"I'm going to speak my mind because I have nothing to lose."--S.I. Hayakawa

Sunday, May 9, 2010

rm w/vu (Room with View) Part Two

The three windows in Justine’s small and spartan apartment look out on the alley and ugly roofs and backsides of adjacent businesses. You can’t see the water of Resurrection Bay from here, just the distant mountains at the neck of the bay. You can’t really see much of anything, actually, except through one window, and that is the foot of the steep mountain that rises behind the town.

But this was a group of writers, and we saw these things:

A young boy discovering there’s more to nature hikes with his mom than sharing her M&Ms.

Wishes don’t always come true, even if you make them on a star.

A woman pondering relationships as she deck-hands on her father’s charter fishing boat.

An eternal question: If there are no options, is it really a choice?

An unemployed daughter watching her parents' maid at work, and finding the real meaning of wealth.

And a senior citizen examining parallels between national health care legislation and a Gwich’in Indian fable.

In one sentence each, those were the synopses of the stories we read each other that night. These were works in progress, drafts unnumbered, unfinished stories, tales that needed updating. This was the second meeting of our fledgling group of writers who had taken a class together and decided to maintain the contact and group support. We met at Justine’s, a tiny one room apartment above the coffee shop on Seward's main street. The six of us were getting to know each other now, outside the classroom.

Seward's main street on a drizzly evening.

Three sit on the only chairs available, and I share a mini-couch with another. It’s smaller than a bench seat from an automobile. Justine sits on the double bed that’s pushed against the wall.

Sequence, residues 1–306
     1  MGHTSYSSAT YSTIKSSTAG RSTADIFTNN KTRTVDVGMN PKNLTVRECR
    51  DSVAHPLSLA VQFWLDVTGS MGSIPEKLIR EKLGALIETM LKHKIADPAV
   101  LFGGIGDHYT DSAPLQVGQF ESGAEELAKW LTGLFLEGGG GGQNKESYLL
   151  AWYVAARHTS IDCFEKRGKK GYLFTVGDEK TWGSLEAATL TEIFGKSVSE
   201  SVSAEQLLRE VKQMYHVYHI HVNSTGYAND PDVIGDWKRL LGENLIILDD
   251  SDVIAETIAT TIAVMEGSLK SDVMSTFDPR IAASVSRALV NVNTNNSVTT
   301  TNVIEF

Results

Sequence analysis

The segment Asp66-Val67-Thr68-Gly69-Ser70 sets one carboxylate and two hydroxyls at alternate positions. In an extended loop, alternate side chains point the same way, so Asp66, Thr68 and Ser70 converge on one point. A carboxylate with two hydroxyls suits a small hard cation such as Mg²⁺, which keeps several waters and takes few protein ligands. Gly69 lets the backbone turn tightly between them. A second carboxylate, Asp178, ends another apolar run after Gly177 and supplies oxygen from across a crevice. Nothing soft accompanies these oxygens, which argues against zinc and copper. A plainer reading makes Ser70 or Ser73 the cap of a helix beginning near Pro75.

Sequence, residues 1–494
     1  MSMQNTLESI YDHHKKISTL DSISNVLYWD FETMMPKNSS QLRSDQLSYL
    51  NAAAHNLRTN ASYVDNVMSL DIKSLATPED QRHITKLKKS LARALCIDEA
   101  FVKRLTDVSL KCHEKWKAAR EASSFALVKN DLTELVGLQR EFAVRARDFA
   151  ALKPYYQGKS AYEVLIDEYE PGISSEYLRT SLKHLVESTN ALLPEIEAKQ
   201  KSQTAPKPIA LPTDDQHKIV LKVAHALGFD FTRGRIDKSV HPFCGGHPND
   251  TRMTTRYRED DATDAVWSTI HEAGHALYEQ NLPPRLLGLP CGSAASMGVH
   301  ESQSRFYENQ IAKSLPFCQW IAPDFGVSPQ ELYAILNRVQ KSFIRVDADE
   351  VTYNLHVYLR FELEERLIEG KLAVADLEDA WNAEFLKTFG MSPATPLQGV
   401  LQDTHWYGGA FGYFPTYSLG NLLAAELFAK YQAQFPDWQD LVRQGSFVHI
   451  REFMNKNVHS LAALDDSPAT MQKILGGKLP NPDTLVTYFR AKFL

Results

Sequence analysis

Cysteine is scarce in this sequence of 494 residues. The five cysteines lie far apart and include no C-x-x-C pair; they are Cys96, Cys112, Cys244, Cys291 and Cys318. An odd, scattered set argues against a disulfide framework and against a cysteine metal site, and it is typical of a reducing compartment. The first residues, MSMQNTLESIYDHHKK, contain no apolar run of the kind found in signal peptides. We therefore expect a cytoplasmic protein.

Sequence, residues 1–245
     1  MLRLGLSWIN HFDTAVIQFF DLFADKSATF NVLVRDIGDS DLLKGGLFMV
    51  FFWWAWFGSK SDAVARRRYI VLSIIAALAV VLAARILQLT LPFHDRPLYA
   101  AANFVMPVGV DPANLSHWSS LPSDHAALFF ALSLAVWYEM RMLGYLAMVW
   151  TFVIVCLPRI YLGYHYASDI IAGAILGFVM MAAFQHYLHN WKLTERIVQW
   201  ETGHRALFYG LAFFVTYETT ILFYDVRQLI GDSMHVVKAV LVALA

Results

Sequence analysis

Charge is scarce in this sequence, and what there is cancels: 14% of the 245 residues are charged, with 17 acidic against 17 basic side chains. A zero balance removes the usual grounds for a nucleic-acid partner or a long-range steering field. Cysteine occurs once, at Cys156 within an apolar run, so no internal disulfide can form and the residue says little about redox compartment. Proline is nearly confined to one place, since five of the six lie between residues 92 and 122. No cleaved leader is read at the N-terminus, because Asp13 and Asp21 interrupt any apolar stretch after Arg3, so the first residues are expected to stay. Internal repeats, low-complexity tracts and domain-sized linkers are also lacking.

The mountain outside one window isn’t far away, because the streets that run parallel between the Bay and the mountain are numbered First through Fifth. No room for any more, unless the houses start climbing. I’ve often wondered why the town planners started with Fifth Avenue at the water‘s edge, and went uphill to First Avenue at the foot of the mountain. What then? Minus First Avenue?

You wouldn’t particularly be inspired to point a camera out any of the windows, unless one of the many bald eagles in town landed on the rooftop next door.

“We have cloud failure,” says Madeline, who is seated at the table next to one window. We look out over the rooftops in the direction of the neck of the Bay where it empties in the Gulf of Alaska and see a strong band of blue below the rain-swollen clouds that have been here for weeks.

We all make mental notes of “cloud failure” as descriptive writing.

"Cloud failure" at the neck of the bay, with three immature bald eagles in tree.

This was a room full of writers. The view was anything and everything we wanted to make it.

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